Archaeologists Discover 20 Sealed Ancient Egyptian Coffins
by Jason Daley Smithsonian.com
Archaeologists have unearthed 20 intact ancient coffins near the Egyptian city of Luxor, the country’s antiquities ministry announced this week in a statement lauding the find as “one of the largest and most important” in recent years.
According to CNN’s Oscar Holland and Taylor Barnes, researchers discovered the coffins in Al-Assasif, a necropolis on the Nile River’s West Bank. Once part of the ancient Egyptian capital of Thebes, the site stands in what is now Luxor.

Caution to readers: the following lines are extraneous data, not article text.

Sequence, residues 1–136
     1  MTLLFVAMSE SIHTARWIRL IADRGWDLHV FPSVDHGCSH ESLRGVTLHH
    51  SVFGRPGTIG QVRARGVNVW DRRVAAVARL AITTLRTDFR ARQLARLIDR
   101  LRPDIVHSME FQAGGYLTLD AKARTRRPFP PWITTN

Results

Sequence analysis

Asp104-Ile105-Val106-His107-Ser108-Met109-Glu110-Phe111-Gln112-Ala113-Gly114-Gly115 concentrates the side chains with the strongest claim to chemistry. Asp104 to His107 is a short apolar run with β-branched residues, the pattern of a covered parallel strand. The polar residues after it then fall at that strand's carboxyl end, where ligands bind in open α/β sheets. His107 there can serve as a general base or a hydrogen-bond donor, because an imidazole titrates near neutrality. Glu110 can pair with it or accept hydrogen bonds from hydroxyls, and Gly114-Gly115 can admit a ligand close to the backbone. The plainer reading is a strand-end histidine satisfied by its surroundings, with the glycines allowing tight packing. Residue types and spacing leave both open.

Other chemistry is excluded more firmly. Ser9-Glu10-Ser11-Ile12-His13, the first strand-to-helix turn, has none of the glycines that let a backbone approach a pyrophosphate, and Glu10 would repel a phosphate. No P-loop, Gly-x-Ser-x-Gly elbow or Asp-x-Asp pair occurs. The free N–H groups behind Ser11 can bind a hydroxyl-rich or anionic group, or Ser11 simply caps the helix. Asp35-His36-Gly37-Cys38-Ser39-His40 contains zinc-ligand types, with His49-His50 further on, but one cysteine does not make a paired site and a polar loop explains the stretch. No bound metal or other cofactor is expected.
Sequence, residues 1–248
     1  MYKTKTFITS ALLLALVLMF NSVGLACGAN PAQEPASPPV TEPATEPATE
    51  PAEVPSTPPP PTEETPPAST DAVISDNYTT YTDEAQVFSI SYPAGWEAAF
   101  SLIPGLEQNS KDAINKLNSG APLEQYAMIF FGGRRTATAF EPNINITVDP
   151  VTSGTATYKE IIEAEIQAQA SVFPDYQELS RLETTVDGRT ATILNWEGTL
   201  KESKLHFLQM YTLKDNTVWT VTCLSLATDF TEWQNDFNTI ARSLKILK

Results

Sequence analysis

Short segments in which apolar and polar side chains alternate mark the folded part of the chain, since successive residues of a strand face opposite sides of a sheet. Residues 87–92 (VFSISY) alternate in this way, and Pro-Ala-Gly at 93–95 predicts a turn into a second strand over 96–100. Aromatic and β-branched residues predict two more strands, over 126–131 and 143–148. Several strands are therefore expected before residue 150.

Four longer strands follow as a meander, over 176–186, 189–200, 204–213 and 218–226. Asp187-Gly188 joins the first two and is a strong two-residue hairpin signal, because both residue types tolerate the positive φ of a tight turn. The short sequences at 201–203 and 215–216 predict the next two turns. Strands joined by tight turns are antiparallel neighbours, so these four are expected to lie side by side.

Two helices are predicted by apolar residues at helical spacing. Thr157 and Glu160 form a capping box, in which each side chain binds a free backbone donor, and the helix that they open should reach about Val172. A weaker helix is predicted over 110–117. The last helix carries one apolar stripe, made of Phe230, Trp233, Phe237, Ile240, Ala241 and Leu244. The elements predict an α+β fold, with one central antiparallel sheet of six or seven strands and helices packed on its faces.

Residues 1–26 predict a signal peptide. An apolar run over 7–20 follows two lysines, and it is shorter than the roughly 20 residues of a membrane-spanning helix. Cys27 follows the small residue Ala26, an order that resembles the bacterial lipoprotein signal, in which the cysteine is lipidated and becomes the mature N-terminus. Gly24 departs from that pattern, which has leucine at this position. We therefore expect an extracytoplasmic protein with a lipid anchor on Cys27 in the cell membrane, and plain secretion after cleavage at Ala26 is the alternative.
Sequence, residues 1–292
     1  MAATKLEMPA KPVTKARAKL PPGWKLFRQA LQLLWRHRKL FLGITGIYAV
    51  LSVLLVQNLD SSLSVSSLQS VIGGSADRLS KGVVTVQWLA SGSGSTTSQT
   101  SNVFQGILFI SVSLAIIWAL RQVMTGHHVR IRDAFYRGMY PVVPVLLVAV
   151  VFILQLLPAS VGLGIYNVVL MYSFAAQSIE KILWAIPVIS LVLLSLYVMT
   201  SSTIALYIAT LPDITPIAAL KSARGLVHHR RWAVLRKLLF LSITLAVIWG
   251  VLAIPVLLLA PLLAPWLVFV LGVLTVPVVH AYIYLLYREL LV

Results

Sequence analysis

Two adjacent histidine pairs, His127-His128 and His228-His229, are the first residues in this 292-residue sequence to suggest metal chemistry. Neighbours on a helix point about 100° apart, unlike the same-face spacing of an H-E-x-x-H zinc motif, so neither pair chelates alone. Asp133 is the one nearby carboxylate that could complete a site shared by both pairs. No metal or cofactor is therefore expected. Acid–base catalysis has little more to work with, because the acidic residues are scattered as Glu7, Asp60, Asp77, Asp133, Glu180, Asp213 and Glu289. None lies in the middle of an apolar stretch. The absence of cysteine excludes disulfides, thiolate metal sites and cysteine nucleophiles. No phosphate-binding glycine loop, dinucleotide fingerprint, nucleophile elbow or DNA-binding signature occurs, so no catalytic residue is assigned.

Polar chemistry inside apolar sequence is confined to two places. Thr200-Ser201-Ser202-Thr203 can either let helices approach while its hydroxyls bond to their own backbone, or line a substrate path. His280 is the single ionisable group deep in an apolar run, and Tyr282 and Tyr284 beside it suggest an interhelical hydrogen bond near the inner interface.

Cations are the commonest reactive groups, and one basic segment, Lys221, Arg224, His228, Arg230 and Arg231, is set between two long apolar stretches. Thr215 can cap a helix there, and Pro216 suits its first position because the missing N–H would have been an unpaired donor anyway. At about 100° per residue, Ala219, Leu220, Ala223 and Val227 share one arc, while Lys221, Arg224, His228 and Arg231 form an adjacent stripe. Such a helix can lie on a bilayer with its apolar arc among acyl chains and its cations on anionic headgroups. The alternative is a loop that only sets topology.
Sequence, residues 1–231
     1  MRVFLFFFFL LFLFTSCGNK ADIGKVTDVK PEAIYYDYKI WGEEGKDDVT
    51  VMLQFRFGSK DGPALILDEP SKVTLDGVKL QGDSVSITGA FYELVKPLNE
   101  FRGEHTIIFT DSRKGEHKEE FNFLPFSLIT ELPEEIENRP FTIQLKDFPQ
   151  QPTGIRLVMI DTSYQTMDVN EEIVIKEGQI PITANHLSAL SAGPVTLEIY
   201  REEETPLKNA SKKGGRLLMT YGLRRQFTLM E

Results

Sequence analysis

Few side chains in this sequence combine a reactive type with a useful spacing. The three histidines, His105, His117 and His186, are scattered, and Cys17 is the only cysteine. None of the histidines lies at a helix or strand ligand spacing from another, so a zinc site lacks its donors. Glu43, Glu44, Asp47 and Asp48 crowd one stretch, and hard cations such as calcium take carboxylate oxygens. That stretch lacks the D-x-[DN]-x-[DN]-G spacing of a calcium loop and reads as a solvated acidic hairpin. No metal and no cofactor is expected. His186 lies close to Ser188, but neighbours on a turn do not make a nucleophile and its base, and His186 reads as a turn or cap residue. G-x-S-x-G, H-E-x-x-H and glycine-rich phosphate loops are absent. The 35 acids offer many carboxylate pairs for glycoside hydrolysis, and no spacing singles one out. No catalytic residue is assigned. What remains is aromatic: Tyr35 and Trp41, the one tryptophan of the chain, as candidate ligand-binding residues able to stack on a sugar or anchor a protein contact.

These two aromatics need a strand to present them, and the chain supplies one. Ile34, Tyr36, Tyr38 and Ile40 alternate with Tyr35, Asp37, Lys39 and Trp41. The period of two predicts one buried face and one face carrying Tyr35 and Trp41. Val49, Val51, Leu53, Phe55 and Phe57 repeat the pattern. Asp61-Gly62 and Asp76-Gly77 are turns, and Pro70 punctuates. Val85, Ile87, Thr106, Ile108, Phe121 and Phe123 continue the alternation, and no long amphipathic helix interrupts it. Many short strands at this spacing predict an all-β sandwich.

As Lateshia Beachum reports for the Washington Post, the coffins—decorated in shades of red, green, white and black—were found stacked in two layers in a giant tomb. The wooden sarcophagi are particularly impressive due to their colorful, well-preserved paintings and inscriptions, as well as the fact that they are still sealed—a rarity in Egyptian archaeology.
Although the antiquities ministry did not specify what time period the sarcophagi date to, BBC News notes that the majority of tombs in the necropolis hold the remains of nobles and government officials buried during Egypt’s Late Period, which lasted from 664 to 332 B.C.